The rhythm of the sun brings us to a full awakening in our earthly bodies. As mentioned above, light activates our circadian rhythms. Sunlight affects our moods and is necessary for our sustenance. Imagine what the power of light-filled thought does for the health of our souls if we apply it. As the sun is necessary for the heliotropic upright tendency in plants, the sun in its yearly rhythm supports the uprightness and health of our etheric beings.
Look Back and Renew Your Energy
Children need the etheric strength of their teachers. After the school day is completed, teachers frequently feel drained and tired. This is because the children have sapped our etheric strength. The way to rebuild this is through the activity Steiner referred to as the “Rückschau,” or review. This activity, usually done in the evening, consists of going backward through the day in memory, capturing significant activities without passing judgment on those activities. Many teachers have found, however, that it is also strengthening to do a Rückschau right after school has ended. We set aside a few moments of quiet time for this. Then we can become quite refreshed before meeting our family and other obligations. A regular Rückschau is still performed in the evening as well. Other exercises in Steiner’s How to Know Higher Worlds can help us to build up our “etheric insulation.”
If we teach older children, those who are entering or in puberty, then we need to strengthen our astral bodies. Adolescents swim in astrality and it is their right to do so. They need teachers who are able to remove subjectivity from their thinking, who strive to work objectively. Steiner’s Practical Training in Thought is an important aid to accomplishing this difficult task.
To work intensively with other human beings is a great gift. We form deep friendships and gain a sense of brotherhood through working together. There are also shadows in such work. Each of us invests so much in our work that it is easy to think we “own” it. We can become possessive of ideas that we ourselves did not create. We can become the guardians of dogmatic principles. We may fall prey to fixed ideas or build castles out of thoughts that we then feel obliged to defend. We become knights who protect these little subjective castles of abstract thoughts. We speak, then, to another person’s castle and not to the person. Such illusions may easily cause huge, disruptive interpersonal difficulties. We may become fixated on a colleague’s difficulties and blind to his or her strivings.
If we picture meditatively each evening such a colleague bathed in a golden light, we may avoid an emotional spider’s web. During this meditation we have to remove all subjective thoughts and try to stir up feelings of sympathy in our own souls. Sometimes this activity requires many repetitions before we notice a change in our attitude.
To work together collegially requires that we have confidence in each other and that we speak our thoughts directly to one another. Gossip undermines the confidence of a group. We must continue to use judgment and discrimination when dealing with our colleague’s problems, but when these flow into idle chatter we violate the social fabric of a school’s community. We must be careful not to wear our hearts on our sleeves, and we must beware of the trap of gossip that would lure us into illusory disputes which can bubble up from secondhand talk. Gossip may also act like a boomerang—eventually the gossipers themselves become the object of destructive conversations. We must learn to observe the striving in each of our colleagues and not be caught by recognition only of their negative sides or doubles.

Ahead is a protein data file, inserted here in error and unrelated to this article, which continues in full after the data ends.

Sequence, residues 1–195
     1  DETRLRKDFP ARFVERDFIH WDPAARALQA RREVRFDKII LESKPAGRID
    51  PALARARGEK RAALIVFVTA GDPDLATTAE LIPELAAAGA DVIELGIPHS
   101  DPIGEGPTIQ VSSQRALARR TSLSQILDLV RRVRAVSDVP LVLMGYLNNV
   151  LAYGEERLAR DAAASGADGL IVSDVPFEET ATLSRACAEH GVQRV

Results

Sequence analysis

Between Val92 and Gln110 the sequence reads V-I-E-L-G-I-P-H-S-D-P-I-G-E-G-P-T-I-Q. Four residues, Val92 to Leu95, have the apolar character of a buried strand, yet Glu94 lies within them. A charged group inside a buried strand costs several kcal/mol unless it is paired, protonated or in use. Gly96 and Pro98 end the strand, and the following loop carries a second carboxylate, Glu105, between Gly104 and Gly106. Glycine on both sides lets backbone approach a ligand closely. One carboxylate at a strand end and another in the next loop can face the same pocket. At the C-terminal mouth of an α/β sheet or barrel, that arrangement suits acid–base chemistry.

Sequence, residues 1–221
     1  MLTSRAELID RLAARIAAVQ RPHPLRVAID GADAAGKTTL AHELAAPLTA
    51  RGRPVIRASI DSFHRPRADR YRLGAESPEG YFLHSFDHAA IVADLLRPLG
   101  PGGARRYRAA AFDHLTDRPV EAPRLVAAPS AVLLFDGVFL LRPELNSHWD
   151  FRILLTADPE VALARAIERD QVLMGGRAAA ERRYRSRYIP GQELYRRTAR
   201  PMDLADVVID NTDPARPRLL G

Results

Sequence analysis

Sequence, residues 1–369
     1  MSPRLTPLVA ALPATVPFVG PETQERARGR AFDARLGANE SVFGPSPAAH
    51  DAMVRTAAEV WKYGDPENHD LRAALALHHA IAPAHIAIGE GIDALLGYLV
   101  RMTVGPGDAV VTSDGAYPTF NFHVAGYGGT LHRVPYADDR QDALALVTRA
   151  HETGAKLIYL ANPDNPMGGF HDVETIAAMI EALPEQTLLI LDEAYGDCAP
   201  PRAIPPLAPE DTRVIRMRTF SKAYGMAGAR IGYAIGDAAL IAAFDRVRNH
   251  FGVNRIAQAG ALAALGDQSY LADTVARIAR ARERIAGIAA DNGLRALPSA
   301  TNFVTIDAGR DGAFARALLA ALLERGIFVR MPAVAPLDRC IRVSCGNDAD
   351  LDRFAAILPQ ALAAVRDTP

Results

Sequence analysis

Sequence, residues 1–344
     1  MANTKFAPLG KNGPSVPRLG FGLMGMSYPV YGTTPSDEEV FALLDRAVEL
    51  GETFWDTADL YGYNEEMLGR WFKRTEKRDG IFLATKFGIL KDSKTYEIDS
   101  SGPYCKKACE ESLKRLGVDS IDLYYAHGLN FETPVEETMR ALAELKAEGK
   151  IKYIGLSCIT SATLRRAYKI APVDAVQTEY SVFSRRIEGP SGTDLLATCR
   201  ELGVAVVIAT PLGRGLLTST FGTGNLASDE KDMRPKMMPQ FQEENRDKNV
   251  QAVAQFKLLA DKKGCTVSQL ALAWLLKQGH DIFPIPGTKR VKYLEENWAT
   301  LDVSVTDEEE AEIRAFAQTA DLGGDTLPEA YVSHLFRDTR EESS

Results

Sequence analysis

A Basket Full of Golden Eggs
John Ruskin (1819–1900) author of The Seven Lamps of Architecture, recognized the social health required for longevity in one’s work, and he listed three necessary ingredients:
• You must want to do the work.
• You must experience your success and see it recognized by your colleagues.
• You must be careful to not do too much.
Steiner tells us again and again to strive for equilibrium—to bring some joy into our sadness and some sadness into our joy. We each need to find a colleague who is a safe “listening ear,” who is not judgmental, with whom we can share our struggles and from whom we can get advice. We all need to strengthen our egos; we must strive to not take everything that happens in our schools personally; and, finally, we have to learn to accept our own personal destinies.
Steiner gave four guiding beacons as guides toward health in his lectures to the teachers at the first Waldorf school:
• A teacher must be a person of initiative. [The teacher must tend to the hygiene of his or her ego.]
• A teacher must be interested in all that exists in the world. [The teacher must tend to the hygiene of his or her astral body.]
• A teacher must never compromise with truth. [The teacher must tend to the hygiene of his or her etheric body.]
• A teacher must always be fresh, never sour. [The teacher must tend to the hygiene of his or her physical body.]
The path of a striving Waldorf teacher is one of constant inner discovery and adventure. When we are in tune with ourselves, clear in our direction, and able to recognize our soul’s hygienic needs, then we will find the greatest success and joy in our work. This will be our basket full of golden eggs.
David Mitchell was a Waldorf teacher first in England, then in Norway, and finally back home in the United States, where he took a class through the cycle, has been a Life Science teacher in the high school, and a teacher trainer. His long connection with AWSNA involved many positions. His passions were practical, kinesthetic, and experiential learning. He led wilderness Vision Quests, was a blacksmith, woodworker, and taught stone sculpture. David passed away in June 2012.
This is an edited version of David's original article published in Research Bulletin, Autumn 2005, Volume 11, No. 1
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iFor detailed information on circadian rhythms, please refer to the original version of David's article.
The drawing of Jack and the Beanstalk is by Ausa M. Peacock in the book Fee Fi Fo Fum, and can be found in the reader series by Arthur M. Pittis, published by AWSNA Publications. Permission was granted for its inculsion in this article.